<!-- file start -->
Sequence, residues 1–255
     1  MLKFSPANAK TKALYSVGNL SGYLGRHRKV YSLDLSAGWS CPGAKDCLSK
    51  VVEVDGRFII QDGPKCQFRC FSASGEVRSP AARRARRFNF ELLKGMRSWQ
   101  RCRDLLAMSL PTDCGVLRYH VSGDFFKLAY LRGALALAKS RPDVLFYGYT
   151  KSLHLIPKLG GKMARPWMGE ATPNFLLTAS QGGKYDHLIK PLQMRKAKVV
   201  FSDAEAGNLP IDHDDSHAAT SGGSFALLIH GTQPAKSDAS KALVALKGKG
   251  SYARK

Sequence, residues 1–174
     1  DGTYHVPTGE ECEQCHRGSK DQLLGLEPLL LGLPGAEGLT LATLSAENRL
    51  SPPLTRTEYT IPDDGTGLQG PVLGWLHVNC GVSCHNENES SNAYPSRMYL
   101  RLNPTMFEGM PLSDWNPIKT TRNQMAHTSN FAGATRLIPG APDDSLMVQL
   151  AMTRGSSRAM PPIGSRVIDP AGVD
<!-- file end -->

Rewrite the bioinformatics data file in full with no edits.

Sequence, residues 1–255
     1  MLKFSPANAK TKALYSVGNL SGYLGRHRKV YSLDLSAGWS CPGAKDCLSK
    51  VVEVDGRFII QDGPKCQFRC FSASGEVRSP AARRARRFNF ELLKGMRSWQ
   101  RCRDLLAMSL PTDCGVLRYH VSGDFFKLAY LRGALALAKS RPDVLFYGYT
   151  KSLHLIPKLG GKMARPWMGE ATPNFLLTAS QGGKYDHLIK PLQMRKAKVV
   201  FSDAEAGNLP IDHDDSHAAT SGGSFALLIH GTQPAKSDAS KALVALKGKG
   251  SYARK

Sequence, residues 1–174
     1  DGTYHVPTGE ECEQCHRGSK DQLLGLEPLL LGLPGAEGLT LATLSAENRL
    51  SPPLTRTEYT IPDDGTGLQG PVLGWLHVNC GVSCHNENES SNAYPSRMYL
   101  RLNPTMFEGM PLSDWNPIKT TRNQMAHTSN FAGATRLIPG APDDSLMVQL
   151  AMTRGSSRAM PPIGSRVIDP AGVD